The word ‘resort’ must have been coined for the palm tree-fringed town of Port Douglas in Tropical North Queensland. And not just for the manicured golf courses, seemingly endless Four Mile Beach, and a plethora of spas. It helps, of course, that the Great Barrier Reef is a quick zip or sail away from the marina and the UNESCO World Heritage-listed Daintree Rainforest cradles the town. But we reckon it’s mostly because, up here, relaxation is treated as a Very Serious Sport. If you’re headed to 'Port' (as the locals call it), chances are you’re in need of a cocktail and a sun lounger. If you should want to fill your days with more than the pool bar menu during one of your weekend breaks, try this 48-hour Port Douglas itinerary on for size.
Fly into Cairns, hire a car and drive one hour north on the winding and impossibly scenic Great Barrier Reef Drive. Don’t forget a stop at Rex Lookout for sweeping views back towards Cairns with booming green mountains tumbling into the Coral Sea.
Depending on the weather, you might catch paragliders as they’re lifted from the headland and ride the thermals like an albatross.
The truth is, you can hardly go wrong with wherever you choose to get a l'il shut-eye in Port Douglas.
The town and immediate surroundings have it all, from the sheer indulgence of being pampered in the lavishness of a fully-serviced international resort like the Sheraton Grand Mirage or Pullman Sea Temple, to luxury private homes with Executive Retreats. Spots like Freestyle Resort and Mandalay Beachfront Apartments, are perfect for family beach holiday getaways, and Port Douglas Backpackers and Tropical Breeze Van Village provide all the mod cons for the budget traveller.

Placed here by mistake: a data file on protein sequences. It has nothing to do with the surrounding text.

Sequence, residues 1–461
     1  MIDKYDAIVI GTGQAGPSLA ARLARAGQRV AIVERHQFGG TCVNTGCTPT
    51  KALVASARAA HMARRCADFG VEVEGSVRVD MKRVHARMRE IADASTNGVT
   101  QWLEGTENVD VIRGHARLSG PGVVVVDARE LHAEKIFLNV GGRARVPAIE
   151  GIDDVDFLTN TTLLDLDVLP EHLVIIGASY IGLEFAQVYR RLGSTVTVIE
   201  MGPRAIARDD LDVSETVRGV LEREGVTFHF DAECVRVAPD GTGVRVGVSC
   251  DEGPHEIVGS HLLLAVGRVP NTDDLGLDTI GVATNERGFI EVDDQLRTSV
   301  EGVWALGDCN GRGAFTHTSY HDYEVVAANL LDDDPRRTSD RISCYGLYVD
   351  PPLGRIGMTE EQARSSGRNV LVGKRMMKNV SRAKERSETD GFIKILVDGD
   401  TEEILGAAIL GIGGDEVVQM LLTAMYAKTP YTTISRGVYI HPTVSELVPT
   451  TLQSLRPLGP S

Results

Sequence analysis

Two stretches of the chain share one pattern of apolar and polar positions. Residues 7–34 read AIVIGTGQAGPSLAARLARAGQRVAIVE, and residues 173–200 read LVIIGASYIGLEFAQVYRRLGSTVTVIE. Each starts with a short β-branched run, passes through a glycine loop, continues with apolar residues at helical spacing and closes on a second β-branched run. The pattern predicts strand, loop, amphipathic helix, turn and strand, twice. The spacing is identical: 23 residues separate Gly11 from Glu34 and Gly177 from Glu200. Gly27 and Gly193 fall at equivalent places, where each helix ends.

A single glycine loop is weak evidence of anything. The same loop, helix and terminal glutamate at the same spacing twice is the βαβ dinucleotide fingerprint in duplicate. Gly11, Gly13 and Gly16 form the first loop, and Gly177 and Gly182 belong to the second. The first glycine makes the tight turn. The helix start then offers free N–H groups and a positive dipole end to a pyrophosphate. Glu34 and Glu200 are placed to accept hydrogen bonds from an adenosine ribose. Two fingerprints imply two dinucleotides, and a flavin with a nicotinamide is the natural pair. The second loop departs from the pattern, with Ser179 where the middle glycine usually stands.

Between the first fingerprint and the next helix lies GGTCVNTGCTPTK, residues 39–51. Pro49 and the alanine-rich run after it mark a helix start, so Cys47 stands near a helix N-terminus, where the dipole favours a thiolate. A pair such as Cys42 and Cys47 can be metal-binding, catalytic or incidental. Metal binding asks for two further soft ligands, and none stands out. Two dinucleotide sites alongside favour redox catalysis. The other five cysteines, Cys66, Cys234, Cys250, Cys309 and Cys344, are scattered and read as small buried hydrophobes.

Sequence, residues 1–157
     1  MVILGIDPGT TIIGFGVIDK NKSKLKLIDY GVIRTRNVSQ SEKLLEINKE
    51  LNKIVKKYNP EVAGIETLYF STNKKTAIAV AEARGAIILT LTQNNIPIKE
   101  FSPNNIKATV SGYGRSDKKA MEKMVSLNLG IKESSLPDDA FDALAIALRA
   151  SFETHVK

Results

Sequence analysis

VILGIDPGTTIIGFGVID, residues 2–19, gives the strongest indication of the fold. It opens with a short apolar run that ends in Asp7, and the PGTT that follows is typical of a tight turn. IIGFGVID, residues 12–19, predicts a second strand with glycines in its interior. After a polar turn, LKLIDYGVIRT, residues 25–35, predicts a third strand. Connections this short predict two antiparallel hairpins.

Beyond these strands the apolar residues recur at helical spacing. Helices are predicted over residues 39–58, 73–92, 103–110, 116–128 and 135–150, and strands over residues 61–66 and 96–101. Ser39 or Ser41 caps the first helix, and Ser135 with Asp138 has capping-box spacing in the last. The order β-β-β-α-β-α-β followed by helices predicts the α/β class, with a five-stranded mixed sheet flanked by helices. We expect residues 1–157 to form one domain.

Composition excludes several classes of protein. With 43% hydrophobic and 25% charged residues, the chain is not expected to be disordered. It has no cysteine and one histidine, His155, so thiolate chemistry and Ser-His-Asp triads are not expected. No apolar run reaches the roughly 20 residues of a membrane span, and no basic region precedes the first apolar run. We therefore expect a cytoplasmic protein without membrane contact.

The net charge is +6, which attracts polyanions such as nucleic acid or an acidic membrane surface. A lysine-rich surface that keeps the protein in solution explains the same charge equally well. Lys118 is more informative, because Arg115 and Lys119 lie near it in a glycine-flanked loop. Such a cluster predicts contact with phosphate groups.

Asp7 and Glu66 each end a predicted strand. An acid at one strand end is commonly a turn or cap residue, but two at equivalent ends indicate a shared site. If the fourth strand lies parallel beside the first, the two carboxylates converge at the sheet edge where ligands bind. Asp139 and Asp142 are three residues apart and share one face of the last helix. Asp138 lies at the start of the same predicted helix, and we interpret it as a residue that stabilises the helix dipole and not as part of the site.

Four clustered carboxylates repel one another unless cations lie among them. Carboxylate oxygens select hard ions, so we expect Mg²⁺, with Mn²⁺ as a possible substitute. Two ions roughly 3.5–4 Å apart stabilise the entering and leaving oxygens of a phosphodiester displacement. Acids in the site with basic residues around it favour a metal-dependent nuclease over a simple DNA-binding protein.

No matter where you prefer to lay your head, when it comes to planning the perfect Port Douglas holiday, the options are as plentiful as the thread count. From 5-stars to sleeping under the stars, you'll find Port Douglas accommodation to suit your style and budget.
These days, you ain’t hip unless you have a craft beer to your name, and ever since Hemingway’s opened the doors to their Hamptons-esque microbrewery, bar and restaurant at the Crystalbrook Superyacht Marina, the locals have been saying a silent ‘thank you’ prayer to the beer gods.